Moody depressed chooks

Discussion in 'New Member Introductions' started by Annie J, Jun 17, 2016.

  1. Annie J

    Annie J New Egg

    Jun 17, 2016
    Hi all... I know there have been a few posts so far on depressed chooks and I hate to carry on another conversation but Its literally a matter of life and death for my beloved girls (according to my partner) and I need to exhaust all avenues before making that decision.

    I have five chooks of mixed breed types who are generally happy individual and busy foragers with a large yard during the day and are let out to free range on the property in the evening. They don't appear to be sick at all... Food goes in and comes out pretty successfully the other end with no obvious dramas.

    Three have recently gone through a molt and it is winter here at the moment which probably explains the total lack of egg production from them all but my problem is that they have just recently seemed to have become completely depressed. They tend to all huddle together in their yard during the day, there's no more usual chicken tunes and when they are let out they all head straight for underneath the house and sit there together for hours. No scratching around anymore at all. I thought maybe they might have been scared by a chicken hawk or something to make them hide but this behaviour has been going on for several weeks now. Has it just become a flock behaviour habit? There is no obvious issues apart from a bit of scaley leg mite but surely that's not enough to zap the life completely out of 5 chooks in one hit.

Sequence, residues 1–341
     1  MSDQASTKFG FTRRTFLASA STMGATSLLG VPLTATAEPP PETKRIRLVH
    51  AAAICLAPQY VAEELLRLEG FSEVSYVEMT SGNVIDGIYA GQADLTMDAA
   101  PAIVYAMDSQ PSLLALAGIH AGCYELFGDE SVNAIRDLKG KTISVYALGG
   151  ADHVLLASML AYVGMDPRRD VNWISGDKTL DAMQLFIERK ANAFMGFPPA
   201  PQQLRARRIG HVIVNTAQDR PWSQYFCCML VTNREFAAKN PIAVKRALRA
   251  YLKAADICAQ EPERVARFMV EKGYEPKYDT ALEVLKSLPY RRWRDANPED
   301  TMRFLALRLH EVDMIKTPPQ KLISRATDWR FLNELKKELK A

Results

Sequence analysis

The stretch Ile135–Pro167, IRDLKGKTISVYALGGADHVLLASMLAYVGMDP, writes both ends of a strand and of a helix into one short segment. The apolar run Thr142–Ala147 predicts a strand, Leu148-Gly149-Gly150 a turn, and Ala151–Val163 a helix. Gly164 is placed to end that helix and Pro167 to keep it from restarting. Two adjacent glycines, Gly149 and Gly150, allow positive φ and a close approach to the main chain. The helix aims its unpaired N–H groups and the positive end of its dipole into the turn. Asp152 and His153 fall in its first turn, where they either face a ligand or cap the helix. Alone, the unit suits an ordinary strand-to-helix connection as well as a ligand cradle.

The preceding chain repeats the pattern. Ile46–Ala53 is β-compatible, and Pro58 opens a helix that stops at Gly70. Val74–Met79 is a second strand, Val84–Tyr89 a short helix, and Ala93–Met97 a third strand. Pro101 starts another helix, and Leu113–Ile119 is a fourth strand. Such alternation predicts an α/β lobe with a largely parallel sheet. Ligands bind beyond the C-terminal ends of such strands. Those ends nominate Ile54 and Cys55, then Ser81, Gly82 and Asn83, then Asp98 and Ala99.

Any help or ideas at all would be great fully received.
  2. sumi

    sumi Égalité Staff Member

    Jun 28, 2011
    Rep of Ireland
    Welcome to BYC [​IMG] This is unusual for hens, especially if for such a long period of time. Do you recall anything out of the ordinary happening around the time when they started doing this?
  3. Pork Pie Ken

    Pork Pie Ken Flockless Premium Member

    Jan 30, 2015
    Africa - near the equator
    [​IMG] - glad that you have joined us. My first thought would be that something as scared the living daylights out of them, but that is a long time for the behaviour to continue. Sorry that i cannot be more helpful.

    Best wishes

  4. poodlechicks

    poodlechicks Chillin' With My Peeps

    Apr 2, 2013
    I'm wondering if they were indeed scared by something and now they have become habituated to this behavior. If you haven't done this before, entice them out of hiding with a favorite treat and see if normal behavior shows up even for a bit. With time and repetition, they might start to incorporate a new behavior and abandon the old habits. Also, observe them from a distance if you have the time, to make sure nothing keeps scaring them during the day. If not, block their hideout after they come out for treats. Do that only under supervision because they might really be hiding from a creature you haven't seen.
  5. TwoCrows

    TwoCrows Show me the way old friend Staff Member

    Mar 21, 2011
    New Mexico, USA
    My Coop
    Hello there and welcome to BYC! [​IMG]